Hamden's Door-Tree, a natural archway created by two white oaks sometime in the early 19th century, was a curiosity that delighted those who were fortunate enough to see it before it was viciously destroyed by a disturbed individual in the summer of 2019.
This website broke the news of the tree's destruction right after it was discovered on July 17th, and that news literally went worldwide in the days and weeks that followed.
The vandal who destroyed the tree was identified through the outstanding efforts of Officer Celeste Robitaille of the Regional Water Company police force. Off. Robitaille had served previously with the Stratford Police Department, retiring at the rank of lieutenant before coming to the RWA.
The vandal was prosecuted and eventually sentenced to a $500 fine and a requirement that he donate $750 to a conservancy. That "donation" will be diverted to milling what was left of the fallen tree for projects to memorialize it.
We pick up the story where we left off last fall, with the removal of the tree from its original location on New Road.
Zeb and his associates cut the main part of the trunk lengthwise into several cross-sections. Another piece of the trunk, from above the "door," will be used to make benches and other items to commemorate the Door-Tree. Stay tuned . . .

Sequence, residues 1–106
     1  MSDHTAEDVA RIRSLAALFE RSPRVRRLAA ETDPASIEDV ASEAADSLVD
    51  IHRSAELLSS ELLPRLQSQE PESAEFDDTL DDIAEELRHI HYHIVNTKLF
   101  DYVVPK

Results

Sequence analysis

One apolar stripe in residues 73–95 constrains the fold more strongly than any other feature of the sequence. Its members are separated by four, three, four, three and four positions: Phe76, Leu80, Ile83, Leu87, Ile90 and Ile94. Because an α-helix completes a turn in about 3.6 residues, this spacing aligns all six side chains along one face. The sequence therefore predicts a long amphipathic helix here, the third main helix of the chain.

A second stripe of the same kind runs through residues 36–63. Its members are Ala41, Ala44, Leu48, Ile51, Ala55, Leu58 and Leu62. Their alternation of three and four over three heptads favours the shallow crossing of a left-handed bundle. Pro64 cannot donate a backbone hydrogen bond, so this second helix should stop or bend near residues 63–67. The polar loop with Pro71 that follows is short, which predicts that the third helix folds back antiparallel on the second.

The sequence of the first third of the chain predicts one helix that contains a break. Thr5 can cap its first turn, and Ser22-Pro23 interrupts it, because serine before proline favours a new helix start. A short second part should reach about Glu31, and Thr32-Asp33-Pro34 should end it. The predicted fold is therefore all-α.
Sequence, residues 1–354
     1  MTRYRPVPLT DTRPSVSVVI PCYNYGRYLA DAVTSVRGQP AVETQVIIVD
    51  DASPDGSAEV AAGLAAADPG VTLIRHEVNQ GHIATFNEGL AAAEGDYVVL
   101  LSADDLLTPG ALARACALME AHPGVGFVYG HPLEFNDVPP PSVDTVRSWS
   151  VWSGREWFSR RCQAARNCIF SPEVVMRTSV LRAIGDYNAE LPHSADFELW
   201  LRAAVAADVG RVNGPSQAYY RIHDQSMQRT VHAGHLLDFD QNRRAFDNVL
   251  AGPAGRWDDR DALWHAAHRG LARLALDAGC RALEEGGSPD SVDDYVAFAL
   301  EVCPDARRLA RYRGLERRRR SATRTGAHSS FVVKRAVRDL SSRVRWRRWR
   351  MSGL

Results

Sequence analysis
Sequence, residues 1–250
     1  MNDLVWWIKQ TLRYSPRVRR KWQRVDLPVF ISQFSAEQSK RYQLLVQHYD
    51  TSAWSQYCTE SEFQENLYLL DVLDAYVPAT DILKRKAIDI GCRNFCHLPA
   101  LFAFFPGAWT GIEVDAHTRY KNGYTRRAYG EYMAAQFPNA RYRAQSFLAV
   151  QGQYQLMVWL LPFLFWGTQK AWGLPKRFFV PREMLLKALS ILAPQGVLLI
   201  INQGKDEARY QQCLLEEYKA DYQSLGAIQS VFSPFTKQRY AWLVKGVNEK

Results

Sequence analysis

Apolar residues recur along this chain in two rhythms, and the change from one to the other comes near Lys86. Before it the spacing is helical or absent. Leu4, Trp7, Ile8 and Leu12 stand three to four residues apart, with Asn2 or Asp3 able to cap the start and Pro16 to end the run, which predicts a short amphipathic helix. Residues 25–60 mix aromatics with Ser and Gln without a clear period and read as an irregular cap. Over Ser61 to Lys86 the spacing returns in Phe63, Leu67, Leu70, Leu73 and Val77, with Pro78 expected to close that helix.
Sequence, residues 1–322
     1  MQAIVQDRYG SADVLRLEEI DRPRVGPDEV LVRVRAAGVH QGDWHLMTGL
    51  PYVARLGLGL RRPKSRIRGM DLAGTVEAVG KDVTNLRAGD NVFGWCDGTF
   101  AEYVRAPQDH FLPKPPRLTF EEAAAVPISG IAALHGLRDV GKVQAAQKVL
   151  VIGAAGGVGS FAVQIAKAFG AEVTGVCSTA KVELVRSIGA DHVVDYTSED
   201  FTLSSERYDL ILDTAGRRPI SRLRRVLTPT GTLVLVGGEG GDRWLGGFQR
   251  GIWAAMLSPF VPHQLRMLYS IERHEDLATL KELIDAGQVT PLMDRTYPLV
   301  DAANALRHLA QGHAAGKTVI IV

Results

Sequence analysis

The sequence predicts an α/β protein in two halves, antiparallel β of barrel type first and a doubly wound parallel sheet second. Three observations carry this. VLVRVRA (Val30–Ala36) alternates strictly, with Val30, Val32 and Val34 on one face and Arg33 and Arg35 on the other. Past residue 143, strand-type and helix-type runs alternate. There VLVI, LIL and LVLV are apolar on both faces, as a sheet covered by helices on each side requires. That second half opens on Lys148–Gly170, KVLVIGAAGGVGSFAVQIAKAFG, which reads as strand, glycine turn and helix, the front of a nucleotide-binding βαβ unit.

We wish to acknowledge the outstanding and generous assistance provided by the companies and individuals pictured below.
Regional Water Authority
Alex Amendola, Forester; Ted Norris, V.P. for Asset Management; and Trevor Grant, Arborist. Not pictured are John Triana, R.W.A. Real Estate Manager, and Officer Celesta Robitaille of the R.W.A. police force.
Emmett "Topper" Shutts (left), who recently retired after decades of owning his own tree service, enlisted his friends from Arborist Tree Care Services LLC to cut and move the principal tree sections up to street level from about 30 feet below grade.
Our own Bob Zoni (left) lent invaluable assistance to Joel Aldrich (Aldrich Millworks) and Ted "Zeb" Esselstyn (City Bench) at New Road on March 1st, when the wood was loaded and moved to the sawmill on Park Road. Bob is the Society's restoration contractor, currently putting finishing touches on his restoration of the Jonathan Dickerman House and the Talmadge Cider Mill Barn following the devastating damage inflicted by the May 2018 tornado.
Left to right, City Bench's Ben Komola, Mike Donovan, and Mike Burdick were the guys who did the milling of the tree trunks on Wednesday, March 4th. The wood will remain at City Bench until it is dry enough to be planed into lumber for benches and other "Door-Tree" memorial items. We will keep everyone posted.